I don't remember much about my own bat mitzvah many years ago, but I do remember this: My father cried as he turned to speak to me after the conclusion of the Torah reading.
Jews are not immune to America's divorce endemic.
Let's face it. Every marriage between two Jews is an intermarriage. I'm not talking about the obvious ones, like a marriage between an Orthodox Jew and a Jew-by-birth who is not at all religious. Clearly if one spouse davens three times a day and the other spouse uses Mapquest to find her way to synagogue on Yom Kippur, a silver anniversary is not in their future. I'm talking about the rest of us.
What is the best way to move toward a new year? The Jewish method that calls for an intense review of the past year, or the American approach of entering each new year with a sort of reckless optimism oblivious to what has come before? It seems that the answer depends on whether or not one is a parent.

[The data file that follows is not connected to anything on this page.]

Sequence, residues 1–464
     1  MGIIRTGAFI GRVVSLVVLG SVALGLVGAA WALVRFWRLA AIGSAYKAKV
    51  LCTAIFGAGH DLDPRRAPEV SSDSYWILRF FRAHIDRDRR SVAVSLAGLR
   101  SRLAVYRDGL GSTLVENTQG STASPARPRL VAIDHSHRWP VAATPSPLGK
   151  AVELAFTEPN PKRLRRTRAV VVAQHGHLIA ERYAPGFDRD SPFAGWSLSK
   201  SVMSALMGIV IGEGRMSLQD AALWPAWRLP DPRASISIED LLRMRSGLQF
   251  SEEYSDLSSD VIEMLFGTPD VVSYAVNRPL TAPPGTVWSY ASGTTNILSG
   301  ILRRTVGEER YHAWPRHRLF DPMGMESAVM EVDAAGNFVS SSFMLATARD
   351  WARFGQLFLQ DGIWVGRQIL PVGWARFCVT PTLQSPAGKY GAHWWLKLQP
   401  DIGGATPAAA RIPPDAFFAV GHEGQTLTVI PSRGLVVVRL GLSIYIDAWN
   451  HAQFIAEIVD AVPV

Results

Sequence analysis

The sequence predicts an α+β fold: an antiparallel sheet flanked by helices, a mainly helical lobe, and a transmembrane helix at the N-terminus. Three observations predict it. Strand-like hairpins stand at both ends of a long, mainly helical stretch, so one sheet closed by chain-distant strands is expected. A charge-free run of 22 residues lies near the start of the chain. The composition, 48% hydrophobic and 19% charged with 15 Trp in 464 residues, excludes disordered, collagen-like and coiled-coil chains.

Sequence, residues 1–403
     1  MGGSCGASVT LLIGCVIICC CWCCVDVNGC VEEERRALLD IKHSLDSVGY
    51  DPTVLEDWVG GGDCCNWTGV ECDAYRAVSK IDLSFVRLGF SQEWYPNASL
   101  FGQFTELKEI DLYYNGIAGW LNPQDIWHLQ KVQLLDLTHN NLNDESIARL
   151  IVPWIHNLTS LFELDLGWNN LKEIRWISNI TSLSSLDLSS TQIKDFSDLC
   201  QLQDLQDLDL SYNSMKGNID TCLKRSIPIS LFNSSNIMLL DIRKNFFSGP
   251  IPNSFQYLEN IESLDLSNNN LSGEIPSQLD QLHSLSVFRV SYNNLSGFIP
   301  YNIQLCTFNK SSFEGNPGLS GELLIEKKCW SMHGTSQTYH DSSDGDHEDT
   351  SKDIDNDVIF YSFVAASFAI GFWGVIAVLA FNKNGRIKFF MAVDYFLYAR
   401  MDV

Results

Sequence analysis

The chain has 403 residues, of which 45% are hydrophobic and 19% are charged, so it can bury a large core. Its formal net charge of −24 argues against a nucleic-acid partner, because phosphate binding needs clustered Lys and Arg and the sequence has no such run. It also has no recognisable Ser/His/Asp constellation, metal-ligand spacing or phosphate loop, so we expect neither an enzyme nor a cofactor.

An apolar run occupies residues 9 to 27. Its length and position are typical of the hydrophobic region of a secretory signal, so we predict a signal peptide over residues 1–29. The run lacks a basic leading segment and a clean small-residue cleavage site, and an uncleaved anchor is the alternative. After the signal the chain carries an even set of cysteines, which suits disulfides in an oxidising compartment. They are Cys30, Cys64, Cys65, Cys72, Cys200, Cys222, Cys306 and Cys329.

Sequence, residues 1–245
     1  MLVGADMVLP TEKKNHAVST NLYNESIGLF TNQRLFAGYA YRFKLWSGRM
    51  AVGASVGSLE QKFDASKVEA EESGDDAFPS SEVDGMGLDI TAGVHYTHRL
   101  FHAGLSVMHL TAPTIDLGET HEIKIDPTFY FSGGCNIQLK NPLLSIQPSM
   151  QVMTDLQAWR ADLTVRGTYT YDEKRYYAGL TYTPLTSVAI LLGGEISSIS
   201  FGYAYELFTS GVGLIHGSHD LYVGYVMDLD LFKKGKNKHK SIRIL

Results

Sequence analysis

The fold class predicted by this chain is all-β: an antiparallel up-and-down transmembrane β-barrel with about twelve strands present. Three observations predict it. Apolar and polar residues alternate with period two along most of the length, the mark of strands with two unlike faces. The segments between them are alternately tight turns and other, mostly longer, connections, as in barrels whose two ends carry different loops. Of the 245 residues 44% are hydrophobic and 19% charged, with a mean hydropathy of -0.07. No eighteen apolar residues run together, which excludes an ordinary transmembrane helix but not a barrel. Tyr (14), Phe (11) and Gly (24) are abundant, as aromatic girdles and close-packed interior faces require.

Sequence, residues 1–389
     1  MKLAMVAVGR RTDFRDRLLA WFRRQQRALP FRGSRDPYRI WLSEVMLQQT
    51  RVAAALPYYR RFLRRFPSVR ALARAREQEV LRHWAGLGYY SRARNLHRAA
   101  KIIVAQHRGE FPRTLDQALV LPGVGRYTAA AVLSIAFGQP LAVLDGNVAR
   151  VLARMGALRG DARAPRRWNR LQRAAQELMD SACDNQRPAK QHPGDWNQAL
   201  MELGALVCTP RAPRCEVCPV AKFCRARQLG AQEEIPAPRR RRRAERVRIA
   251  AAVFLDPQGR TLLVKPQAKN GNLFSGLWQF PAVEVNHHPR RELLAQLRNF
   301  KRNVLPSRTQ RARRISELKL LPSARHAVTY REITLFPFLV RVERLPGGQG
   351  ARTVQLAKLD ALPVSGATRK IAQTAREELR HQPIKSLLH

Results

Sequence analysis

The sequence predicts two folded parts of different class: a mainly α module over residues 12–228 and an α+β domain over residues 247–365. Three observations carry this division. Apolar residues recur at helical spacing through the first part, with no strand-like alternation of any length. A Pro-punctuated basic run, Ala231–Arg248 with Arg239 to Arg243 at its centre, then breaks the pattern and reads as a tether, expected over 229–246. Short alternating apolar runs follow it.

Despite our tradition that sets the 13th year as the start of adulthood, 13 is not the end of childhood or the beginning of adulthood. Instead, it is the start of a new stage -- teenager. Neither an adult nor child, a teenager is like Dr. Doolittle's Push-Me, Pull-You: Sometimes he seems to be pushing toward adulthood, and at other times he is pulling back toward childhood.
Last week at the Santa Monica Farmers' Market, I got a taste of what it is like to be an Israeli. Going about the ordinary tasks of life one moment, standing next to a corpse the next.